Paper - Studies in the physiology of spermatozoa
|Embryology - 17 Oct 2019 Expand to Translate|
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Cohn EJ. Studies in the physiology of spermatozoa. (1918) Biol. Bull. 34: 167-218.
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Studies in the Physiology of Spermatozoa
Edwin J. Cohn
The changes in the physiological condition of the spermatozoon, from the time it is extruded from the genitalia of the male until it "undergoes the transformation into a nucleus" (Loeb, J., I9I3, p. 306) in the protoplasm of the egg are dependent in rate upon environmental conditions. The germ cells of most marine invertebrates are extruded into sea water, and fertiliza- tion of the egg by the sperm there follows.' The environment, sea water - or sea water modified by the excretions of the egg or of the sperm-must therefore be studied in order to understand the variations in the physiological condition of spermatozoa that have often been observed.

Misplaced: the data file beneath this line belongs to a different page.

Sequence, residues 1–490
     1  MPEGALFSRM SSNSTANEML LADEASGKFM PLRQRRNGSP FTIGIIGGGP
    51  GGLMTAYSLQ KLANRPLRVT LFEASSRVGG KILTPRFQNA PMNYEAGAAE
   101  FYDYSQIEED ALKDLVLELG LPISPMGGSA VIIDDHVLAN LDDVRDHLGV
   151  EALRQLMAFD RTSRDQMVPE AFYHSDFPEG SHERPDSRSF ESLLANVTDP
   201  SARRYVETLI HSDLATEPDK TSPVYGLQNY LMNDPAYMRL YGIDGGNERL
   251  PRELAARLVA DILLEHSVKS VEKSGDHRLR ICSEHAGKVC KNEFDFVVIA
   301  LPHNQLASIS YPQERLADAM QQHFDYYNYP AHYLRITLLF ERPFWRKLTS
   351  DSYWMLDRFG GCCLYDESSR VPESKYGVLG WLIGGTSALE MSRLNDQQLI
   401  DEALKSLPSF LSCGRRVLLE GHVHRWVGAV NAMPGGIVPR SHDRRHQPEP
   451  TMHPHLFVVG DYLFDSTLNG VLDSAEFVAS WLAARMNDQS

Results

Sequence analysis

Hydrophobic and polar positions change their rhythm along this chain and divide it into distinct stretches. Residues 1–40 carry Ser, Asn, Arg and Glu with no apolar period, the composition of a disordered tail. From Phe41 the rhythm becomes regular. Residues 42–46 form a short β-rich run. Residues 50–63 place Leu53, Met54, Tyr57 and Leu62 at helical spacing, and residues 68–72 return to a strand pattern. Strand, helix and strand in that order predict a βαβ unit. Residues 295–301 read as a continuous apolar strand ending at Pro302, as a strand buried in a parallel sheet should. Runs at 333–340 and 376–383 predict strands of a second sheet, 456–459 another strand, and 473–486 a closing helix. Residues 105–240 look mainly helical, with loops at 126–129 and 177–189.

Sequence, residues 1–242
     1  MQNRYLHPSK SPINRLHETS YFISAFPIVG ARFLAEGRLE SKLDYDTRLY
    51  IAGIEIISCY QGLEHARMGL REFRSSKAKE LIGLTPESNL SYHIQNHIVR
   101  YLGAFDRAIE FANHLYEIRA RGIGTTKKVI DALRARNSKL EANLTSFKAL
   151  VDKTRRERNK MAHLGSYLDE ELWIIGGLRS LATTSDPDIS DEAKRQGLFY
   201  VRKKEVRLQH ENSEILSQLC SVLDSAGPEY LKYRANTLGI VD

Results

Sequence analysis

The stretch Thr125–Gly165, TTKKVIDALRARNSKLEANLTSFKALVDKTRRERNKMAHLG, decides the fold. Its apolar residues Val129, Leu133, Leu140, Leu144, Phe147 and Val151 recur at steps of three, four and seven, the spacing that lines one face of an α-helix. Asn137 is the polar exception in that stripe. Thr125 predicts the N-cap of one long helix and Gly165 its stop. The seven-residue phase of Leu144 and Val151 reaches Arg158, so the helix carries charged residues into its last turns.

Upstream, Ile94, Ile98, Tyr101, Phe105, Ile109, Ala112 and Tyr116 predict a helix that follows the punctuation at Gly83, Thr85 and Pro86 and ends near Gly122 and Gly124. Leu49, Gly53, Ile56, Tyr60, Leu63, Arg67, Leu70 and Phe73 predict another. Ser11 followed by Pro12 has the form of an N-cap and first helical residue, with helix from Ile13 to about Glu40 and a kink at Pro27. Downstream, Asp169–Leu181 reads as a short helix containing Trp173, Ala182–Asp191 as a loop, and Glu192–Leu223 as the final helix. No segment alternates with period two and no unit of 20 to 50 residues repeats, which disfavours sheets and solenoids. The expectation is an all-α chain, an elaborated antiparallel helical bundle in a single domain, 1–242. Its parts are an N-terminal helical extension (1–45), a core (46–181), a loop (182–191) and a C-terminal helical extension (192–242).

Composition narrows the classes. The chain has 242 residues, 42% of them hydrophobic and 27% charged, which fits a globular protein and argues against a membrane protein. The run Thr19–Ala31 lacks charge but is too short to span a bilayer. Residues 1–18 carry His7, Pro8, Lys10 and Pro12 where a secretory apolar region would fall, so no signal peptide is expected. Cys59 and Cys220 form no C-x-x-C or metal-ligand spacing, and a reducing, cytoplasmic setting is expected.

This investigation had its beginning in an attempt to under- stand seemingly contradictory effects of sea water that had contained the eggs of the sea urchin, Arbacia punctulata, upon the activity, the length of life and the "fertilizing power" of the spermatozoa of the same species. For interesting me in these phenomena, and for invaluable aid in this attempt at their solution, I am indebted to Dr. F. R. Lillie.
The experimental work was carried on during the summers of 1915 and 1916 at the Marine Biological Laboratory at Woods Hole, Massachusetts. During that time the behavior of the germ cells of other marine invertebrates were sufficiently observed to suggest that the relations that are hereafter reported for Arbacia are not highly specific
Cite this page: Hill, M.A. (2019, October 17) Embryology Paper - Studies in the physiology of spermatozoa. Retrieved from https://embryology.med.unsw.edu.au/embryology/index.php/Paper_-_Studies_in_the_physiology_of_spermatozoa
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